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News Briefs

Glutamine and Arginine: Immunonutrients and Metabolic Modulators?

Joyner, Michael J.

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Exercise and Sport Sciences Reviews: July 2005 - Volume 33 - Issue 3 - p 105-106
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Throughout history there has been an interest in using various nutritional strategies to improve athletic performance, to help athletes, and to recover from strenuous exercise. Early work in this area before World War II laid the ground work for ideas about optimal regimens for carbohydrate feeding before, during, and after exercise, as well as optimal fluid replacement during exercise. These general topics were explored extensively beginning in the 1960s, and interest in them remains high. More recently there has been interest in the possibility that specific amino acids might be used as part of the advanced nutritional strategies in athletes and in selected patient groups. There are four specific potential “targets” for this general strategy: 1) improved immune function; 2) modulation of the hormonal responses to exercise; 3) modification of postexercise recovery; and 4) modification of cardiac or skeletal muscle metabolism during exercise.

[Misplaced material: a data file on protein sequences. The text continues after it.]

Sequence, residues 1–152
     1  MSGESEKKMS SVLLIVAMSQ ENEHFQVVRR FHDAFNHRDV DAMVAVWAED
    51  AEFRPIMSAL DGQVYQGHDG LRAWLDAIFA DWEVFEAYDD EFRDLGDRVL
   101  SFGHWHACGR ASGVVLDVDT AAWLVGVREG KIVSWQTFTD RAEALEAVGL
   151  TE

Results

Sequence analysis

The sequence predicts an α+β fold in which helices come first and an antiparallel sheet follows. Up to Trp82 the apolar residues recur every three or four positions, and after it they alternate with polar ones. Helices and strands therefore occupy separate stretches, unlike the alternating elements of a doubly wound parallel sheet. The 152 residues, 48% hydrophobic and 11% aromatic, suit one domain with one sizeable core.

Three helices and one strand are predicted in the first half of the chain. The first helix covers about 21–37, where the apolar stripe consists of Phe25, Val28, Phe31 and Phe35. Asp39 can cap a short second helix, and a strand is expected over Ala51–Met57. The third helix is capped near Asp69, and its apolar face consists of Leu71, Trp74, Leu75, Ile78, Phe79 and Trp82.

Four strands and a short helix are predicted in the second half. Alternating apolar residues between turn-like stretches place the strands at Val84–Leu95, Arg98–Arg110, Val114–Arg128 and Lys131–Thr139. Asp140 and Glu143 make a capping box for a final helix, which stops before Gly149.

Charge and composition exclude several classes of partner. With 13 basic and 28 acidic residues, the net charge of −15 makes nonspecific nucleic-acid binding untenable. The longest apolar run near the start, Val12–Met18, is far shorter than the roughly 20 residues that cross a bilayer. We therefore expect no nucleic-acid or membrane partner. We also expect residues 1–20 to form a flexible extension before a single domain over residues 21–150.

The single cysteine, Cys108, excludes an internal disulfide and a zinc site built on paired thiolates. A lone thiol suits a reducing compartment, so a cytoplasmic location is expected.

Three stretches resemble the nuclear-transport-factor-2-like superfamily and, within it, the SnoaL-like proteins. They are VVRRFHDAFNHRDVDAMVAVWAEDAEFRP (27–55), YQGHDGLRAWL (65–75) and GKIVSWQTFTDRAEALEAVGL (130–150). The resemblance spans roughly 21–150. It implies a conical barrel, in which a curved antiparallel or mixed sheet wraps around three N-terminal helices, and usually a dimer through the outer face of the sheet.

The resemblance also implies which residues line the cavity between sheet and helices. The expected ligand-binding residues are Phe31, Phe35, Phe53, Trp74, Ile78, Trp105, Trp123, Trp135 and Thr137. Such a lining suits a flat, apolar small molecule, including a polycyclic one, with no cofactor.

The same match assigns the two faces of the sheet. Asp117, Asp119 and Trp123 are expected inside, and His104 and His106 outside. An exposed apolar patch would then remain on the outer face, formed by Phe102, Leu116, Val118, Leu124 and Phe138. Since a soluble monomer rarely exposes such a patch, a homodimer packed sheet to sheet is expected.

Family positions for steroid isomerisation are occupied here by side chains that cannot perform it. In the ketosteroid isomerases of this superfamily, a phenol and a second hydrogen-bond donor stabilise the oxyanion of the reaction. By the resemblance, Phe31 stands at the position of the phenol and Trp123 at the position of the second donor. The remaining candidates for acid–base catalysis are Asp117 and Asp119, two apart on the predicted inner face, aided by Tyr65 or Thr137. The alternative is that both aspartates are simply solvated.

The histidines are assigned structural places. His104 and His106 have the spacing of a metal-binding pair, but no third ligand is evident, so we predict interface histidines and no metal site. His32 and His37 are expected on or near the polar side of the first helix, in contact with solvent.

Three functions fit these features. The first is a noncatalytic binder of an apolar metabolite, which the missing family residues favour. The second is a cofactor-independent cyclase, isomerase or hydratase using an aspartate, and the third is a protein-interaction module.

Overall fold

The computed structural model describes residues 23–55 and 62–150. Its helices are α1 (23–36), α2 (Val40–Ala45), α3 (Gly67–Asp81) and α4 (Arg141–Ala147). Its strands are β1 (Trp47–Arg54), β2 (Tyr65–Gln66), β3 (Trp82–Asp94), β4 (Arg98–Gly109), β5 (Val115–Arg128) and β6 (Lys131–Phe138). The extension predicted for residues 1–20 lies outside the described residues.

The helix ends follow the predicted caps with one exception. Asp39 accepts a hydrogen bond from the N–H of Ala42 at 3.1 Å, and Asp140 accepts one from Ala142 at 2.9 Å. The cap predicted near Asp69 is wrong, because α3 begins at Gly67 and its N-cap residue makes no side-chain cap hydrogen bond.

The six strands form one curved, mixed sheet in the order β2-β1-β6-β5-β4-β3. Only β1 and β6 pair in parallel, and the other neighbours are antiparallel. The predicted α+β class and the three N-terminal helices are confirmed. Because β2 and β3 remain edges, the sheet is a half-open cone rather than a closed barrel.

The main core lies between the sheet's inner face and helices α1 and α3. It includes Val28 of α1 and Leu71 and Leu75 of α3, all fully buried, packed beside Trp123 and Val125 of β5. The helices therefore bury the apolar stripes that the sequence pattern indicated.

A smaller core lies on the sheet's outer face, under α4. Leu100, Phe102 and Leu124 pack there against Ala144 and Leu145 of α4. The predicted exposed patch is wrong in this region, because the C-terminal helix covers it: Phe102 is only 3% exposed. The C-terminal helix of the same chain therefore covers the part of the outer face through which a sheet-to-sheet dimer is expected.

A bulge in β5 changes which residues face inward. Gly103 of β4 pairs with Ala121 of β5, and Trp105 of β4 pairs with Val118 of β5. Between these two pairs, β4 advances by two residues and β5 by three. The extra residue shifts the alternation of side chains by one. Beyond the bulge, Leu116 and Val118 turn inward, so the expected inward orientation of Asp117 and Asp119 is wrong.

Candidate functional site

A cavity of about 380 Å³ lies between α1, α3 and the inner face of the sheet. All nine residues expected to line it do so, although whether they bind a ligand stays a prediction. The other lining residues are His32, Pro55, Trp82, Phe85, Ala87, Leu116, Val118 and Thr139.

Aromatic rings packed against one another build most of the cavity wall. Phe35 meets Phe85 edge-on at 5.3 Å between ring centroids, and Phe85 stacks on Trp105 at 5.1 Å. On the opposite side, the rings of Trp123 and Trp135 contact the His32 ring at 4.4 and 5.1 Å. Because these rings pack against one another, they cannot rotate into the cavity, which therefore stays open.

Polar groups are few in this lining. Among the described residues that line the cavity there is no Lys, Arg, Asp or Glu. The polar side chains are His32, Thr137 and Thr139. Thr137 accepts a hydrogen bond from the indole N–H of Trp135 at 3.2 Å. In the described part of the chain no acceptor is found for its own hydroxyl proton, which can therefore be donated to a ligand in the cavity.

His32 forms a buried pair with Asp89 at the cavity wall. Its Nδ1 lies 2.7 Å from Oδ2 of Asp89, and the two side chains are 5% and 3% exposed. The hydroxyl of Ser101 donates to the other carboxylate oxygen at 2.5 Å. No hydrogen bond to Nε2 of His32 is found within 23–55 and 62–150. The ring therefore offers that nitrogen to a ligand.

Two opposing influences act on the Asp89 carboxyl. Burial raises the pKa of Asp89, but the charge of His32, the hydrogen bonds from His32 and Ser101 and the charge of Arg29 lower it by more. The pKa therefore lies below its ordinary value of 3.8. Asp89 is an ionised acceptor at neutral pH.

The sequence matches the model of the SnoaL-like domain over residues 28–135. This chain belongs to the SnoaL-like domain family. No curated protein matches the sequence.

Modification of Immune Function by Glutamine